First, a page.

ISBN: 978-1-5179-0269-8

Page Count: 312

Publisher: Univ. of Minnesota

Review Posted Online: Jan. 23, 2017

Kirkus Reviews Issue: Feb. 1, 2017

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THE GREAT ALONE

In 1974, a troubled Vietnam vet inherits a house from a fallen comrade and moves his family to Alaska.

After years as a prisoner of war, Ernt Allbright returned home to his wife, Cora, and daughter, Leni, a violent, difficult, restless man. The family moved so frequently that 13-year-old Leni went to five schools in four years. But when they move to Alaska, still very wild and sparsely populated, Ernt finds a landscape as raw as he is. As Leni soon realizes, “Everyone up here had two stories: the life before and the life now. If you wanted to pray to a weirdo god or live in a school bus or marry a goose, no one in Alaska was going to say crap to you.” There are many great things about this book—one of them is its constant stream of memorably formulated insights about Alaska. Another key example is delivered by Large Marge, a former prosecutor in Washington, D.C., who now runs the general store for the community of around 30 brave souls who live in Kaneq year-round. As she cautions the Allbrights, “Alaska herself can be Sleeping Beauty one minute and a bitch with a sawed-off shotgun the next. There’s a saying: Up here you can make one mistake. The second one will kill you.” Hannah’s (The Nightingale, 2015, etc.) follow-up to her series of blockbuster bestsellers will thrill her fans with its combination of Greek tragedy, Romeo and Juliet–like coming-of-age story, and domestic potboiler. She re-creates in magical detail the lives of Alaska's homesteaders in both of the state's seasons (they really only have two) and is just as specific and authentic in her depiction of the spiritual wounds of post-Vietnam America.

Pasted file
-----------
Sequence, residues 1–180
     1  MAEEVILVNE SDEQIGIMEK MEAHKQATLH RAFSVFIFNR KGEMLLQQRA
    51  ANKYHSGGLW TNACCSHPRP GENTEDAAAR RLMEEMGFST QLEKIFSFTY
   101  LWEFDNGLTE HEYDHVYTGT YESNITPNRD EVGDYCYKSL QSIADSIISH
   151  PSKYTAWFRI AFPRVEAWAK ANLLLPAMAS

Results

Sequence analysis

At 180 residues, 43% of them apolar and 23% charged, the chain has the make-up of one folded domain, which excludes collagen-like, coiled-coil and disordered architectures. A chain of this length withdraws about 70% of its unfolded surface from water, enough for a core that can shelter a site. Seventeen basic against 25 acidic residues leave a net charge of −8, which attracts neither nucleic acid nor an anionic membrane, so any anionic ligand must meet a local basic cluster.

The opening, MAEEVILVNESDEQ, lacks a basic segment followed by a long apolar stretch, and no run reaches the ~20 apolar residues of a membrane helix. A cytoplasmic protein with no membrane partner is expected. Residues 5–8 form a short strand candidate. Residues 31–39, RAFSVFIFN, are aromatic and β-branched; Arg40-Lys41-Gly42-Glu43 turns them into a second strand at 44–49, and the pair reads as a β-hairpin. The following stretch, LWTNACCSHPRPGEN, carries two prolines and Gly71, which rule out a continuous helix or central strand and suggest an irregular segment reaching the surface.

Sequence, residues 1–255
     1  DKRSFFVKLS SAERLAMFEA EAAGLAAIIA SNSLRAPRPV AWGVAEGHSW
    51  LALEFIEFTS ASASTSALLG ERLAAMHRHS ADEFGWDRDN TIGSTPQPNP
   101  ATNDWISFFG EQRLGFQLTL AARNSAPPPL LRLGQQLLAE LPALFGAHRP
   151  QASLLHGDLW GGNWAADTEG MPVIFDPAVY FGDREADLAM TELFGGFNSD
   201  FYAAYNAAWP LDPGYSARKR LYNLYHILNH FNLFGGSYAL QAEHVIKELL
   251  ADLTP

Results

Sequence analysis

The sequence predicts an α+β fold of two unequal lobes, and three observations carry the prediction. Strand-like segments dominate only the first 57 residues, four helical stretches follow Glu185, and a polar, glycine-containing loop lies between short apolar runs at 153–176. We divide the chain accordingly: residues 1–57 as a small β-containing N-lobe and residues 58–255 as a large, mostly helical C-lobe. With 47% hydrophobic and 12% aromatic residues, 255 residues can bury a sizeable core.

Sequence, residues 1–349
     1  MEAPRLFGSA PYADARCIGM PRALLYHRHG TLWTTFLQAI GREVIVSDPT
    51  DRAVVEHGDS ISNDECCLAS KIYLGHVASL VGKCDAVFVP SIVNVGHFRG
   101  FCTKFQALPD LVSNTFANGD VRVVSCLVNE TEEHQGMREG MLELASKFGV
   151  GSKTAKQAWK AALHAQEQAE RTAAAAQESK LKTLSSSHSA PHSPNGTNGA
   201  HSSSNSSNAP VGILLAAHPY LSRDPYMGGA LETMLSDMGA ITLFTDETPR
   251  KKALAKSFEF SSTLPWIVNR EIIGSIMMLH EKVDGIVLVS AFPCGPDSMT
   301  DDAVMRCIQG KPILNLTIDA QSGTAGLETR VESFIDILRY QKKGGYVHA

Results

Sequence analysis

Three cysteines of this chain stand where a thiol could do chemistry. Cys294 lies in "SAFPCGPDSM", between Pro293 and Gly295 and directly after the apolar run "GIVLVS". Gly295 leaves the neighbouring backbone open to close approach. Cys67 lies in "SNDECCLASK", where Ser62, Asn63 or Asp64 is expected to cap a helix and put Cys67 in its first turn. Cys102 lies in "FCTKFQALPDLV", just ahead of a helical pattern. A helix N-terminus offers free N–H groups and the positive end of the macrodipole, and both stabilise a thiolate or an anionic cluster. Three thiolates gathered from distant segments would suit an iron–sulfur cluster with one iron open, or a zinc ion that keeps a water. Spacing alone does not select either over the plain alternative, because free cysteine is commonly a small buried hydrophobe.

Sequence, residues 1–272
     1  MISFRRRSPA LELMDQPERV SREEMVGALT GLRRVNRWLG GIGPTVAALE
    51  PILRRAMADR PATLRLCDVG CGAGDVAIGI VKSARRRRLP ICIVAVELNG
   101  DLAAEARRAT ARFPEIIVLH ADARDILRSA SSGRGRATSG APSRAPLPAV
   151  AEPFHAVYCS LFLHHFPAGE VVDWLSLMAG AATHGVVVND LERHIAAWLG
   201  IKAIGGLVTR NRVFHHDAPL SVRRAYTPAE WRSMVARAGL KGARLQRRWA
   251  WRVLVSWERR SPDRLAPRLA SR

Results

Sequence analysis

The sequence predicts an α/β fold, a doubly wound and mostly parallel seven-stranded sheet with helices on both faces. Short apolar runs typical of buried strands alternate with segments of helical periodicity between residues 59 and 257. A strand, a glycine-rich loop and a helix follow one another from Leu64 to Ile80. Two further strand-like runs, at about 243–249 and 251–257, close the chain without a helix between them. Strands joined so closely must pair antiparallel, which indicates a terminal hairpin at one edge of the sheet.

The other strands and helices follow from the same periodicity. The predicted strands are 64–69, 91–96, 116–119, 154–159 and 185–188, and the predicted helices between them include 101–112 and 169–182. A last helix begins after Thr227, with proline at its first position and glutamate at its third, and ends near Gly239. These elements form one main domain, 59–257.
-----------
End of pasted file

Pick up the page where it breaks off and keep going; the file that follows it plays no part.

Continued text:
A tour de force.

Pub Date: Feb. 6, 2018

ISBN: 978-0-312-57723-0

Page Count: 448

Publisher: St. Martin's

Review Posted Online: Oct. 31, 2017

Kirkus Reviews Issue: Nov. 15, 2017

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Beach reading with an unsettling edge.

THE MATCHMAKER

Hilderbrand’s latest Nantucket heroine has a very particular kind of clairvoyance: She can always tell whether a couple is compatible or not.